The tension between a “real” monster and an imaginary one continues throughout the movie. Even as Cujo starts showing signs of turning rabid, the people around him continue to ignore these. Even as Cujo is growling, the people around him talk to him as they did before he had turned rabid. Brett, Cujo’s owner, sensed that something was wrong with Cujo because he was growling. However, instead of recognizing Cujo as a monster, Brett told Cujo that it was him and to calm down. In his case, talking to Cujo helped as the dog managed to hold itself from attacking the boy. However, in the case of Gary Pervier, the Cambers’ neighbor, and Joe Camber, talking to Cujo as they did when he was still the lovable pet did not work because Cujo had lost himself and become a monster. Gary and Joe trusted that Cujo was still the dog they knew even though he had visibly become rabid. In contrast, Donna immediately recognized Cujo not as a family pet but as a potential danger the first time she saw him. 

Donna’s instinct that Cujo was dangerous was, in fact, correct the first time. However, just as parents typically dismiss their children’s imaginary fears, Vic and the others dismissed Donna’s instinct. Brett reassured her that Cujo is a “good boy” and Vic agreed, allowing Tad to pet the dog. When Donna returns to the Cambers’ to get her car checked, her instincts are confirmed—that Cujo is to be feared. Tad, himself, confirms that it was Cujo that he saw in his closet—the monster was real. 

For the most part of the movie, Donna and Tad are stuck inside their broken Ford Pinto on a hot day with only a tumbler of water with a rabid Cujo waiting for an opportunity to pounce. This is where Cujo deviates from the typical horror movie. The threats to the main characters’ lives are not supernatural, but tangible things—heat, dehydration, a rabid pet—meaning the scenarios in the movie could happen to anyone. The allure of this style of horror movie is aligned with Sigmund Freud’s concept of the “uncanny.” According to Freud, horror movies “highlight unconscious fears, desires, urges, and primeval archetypes that are buried deep in our collective subconscious” (Park, 3) (see when to quote, paraphrase, or summarize ). A beloved pet dog turning rabid is a fear that perhaps everyone has. Seeing Cujo turn rabid is a very realistic fear or threat, which is why even though the film does not include any traditionally scary beings such as ghosts or demons, it still manages to evoke fear in its audience. Cujo touches on a fear that is hidden deep inside people’s subconscious and lets it release, which is what horror movies do according to Freud’s theory (Park 3). In doing this, Cujo manages to evoke the same feelings of fear on its audience even without supernatural elements.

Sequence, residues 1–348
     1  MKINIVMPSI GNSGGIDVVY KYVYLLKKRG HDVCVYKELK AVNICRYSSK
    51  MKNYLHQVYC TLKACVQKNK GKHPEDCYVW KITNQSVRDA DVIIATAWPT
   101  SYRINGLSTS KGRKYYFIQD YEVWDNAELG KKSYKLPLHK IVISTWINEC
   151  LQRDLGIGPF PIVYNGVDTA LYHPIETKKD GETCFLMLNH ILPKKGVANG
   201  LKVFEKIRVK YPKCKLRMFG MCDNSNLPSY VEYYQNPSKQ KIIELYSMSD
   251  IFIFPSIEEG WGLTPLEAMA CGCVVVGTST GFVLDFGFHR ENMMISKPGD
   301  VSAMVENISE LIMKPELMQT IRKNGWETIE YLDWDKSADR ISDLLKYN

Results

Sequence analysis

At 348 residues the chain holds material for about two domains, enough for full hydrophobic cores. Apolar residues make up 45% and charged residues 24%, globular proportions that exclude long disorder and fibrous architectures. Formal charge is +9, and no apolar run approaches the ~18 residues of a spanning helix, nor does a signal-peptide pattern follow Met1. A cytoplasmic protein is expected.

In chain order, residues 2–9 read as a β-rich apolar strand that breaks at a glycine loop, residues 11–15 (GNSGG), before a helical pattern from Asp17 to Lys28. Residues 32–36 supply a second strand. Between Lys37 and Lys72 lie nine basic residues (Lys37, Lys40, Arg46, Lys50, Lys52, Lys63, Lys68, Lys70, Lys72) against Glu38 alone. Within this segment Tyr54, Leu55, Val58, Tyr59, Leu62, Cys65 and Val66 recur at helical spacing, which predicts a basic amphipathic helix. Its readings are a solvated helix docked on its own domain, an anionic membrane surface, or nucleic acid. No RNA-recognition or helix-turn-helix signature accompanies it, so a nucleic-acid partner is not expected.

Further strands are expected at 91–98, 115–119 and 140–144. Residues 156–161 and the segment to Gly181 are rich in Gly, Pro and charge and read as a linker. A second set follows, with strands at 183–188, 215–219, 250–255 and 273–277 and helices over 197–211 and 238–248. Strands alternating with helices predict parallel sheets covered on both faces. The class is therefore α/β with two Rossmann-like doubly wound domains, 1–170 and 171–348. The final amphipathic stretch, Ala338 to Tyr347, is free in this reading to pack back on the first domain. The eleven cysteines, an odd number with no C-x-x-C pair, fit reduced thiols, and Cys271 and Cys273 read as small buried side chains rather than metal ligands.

Cujo’s success as a horror movie is not due to its clever use of special effects, but its clever way of handling the fear of the uncanny and horror movie tropes. Cujo’s premise is rooted in a fear that most people have and have likely considered irrational. Its irrational nature is further highlighted by the comparison with Tad’s irrational fear of the monster in the closet. Nevertheless, Cujo makes this fear real by using realistic elements. Simultaneously, Cujo consciously plays with the concept of the uncanny by having the characters in the movie ignore or question whether the beloved pet has turned into a dangerous rabid dog. The movie ultimately shows not only that monsters do exist, but does confirm that the things or creatures that we trust or are familiar with can turn into monsters. This is the very point of the Uncanny Theory, and because this fear is rooted deeply in the subconscious, it makes the movie Cujo all the more terrifying to the audience even years after its initial release.

Works Cited

Cujo. Directed by Lewis Teague, 1983. 

Park, Michelle. “The Aesthetics and Psychology Behind Horror Films.” Long Island University – Undergraduate Honors College Thesis, 2016,

Freud, Sigmund. “The ‘Uncanny’.” The Standard Edition of the Complete Psychological Works of Sigmund Freud, edited by James Strachey, The Hogarth Press, 1925.